Yale School of Art
1156 Chapel Street, POB 208339
New Haven, Connecticut, 06520-8339
(203) 432-2600

Art 911, Theories of Perception
Green C106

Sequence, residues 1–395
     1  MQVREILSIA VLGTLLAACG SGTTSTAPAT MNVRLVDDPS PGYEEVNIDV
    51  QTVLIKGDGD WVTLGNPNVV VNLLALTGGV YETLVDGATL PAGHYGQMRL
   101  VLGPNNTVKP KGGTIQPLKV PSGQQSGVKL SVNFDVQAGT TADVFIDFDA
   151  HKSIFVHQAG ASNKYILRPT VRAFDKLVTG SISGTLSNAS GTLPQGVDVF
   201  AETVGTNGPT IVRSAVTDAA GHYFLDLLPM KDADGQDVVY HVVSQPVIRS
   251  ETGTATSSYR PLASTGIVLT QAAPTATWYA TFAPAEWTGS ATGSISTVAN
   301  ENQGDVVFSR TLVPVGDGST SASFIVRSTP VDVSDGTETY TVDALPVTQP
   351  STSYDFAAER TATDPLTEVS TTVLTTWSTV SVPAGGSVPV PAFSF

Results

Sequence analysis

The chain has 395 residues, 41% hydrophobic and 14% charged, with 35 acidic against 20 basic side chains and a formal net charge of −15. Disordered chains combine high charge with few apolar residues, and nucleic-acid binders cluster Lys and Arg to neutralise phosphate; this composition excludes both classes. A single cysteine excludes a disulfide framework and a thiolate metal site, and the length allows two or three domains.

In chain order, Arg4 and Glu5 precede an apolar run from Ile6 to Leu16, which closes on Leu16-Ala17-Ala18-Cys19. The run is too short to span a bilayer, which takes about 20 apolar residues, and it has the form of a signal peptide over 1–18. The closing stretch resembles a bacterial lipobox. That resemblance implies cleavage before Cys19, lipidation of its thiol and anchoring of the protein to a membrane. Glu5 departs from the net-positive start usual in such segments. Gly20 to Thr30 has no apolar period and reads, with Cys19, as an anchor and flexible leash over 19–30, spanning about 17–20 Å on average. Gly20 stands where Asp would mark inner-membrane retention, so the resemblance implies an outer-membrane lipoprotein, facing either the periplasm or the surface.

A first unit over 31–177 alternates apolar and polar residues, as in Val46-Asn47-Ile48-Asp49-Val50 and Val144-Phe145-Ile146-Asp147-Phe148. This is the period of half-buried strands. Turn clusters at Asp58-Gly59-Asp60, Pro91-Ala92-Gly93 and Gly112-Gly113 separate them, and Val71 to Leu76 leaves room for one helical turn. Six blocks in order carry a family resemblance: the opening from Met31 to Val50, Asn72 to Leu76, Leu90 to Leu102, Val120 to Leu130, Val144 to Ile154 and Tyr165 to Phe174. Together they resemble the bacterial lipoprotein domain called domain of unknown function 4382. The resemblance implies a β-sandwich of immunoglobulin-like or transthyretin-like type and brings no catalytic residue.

Theories of visual perception in Western artistic practice since the Renaissance. Perceptual theories do not exist in a vacuum. Not only have they been conceived in terms of mathematics, physical science, philosophy and cognitive psychology, they are also generally embroiled in political and ethical issues. They have long been of keen interest to artists, most of whom abide by a theory of perception whether they know it or not. Some artistic disciplines, such as painting and photography, traditionally consider a grasp of scientific perceptual theory indispensible. In this seminar we read closely and discuss a series of important primary sources, beginning with Alberti´┐Ż??s treatise on perspective, and ending with poststructuralist writings on perception, covering such topics as accounts of the restoration of sight to patients born blind, the theories of Gestalt psychology along with their application to art, and the speculations of philosophers ranging from John Locke to Merleau Ponty. Students are encouraged to question the ethical ramifications of their own assumptions about perception. Requirements: Active participation and completion of all readings; and a seminar report and paper on a topic of your choice (which may concern your own artistic practice), approved by the instructor. Margaret Olin.

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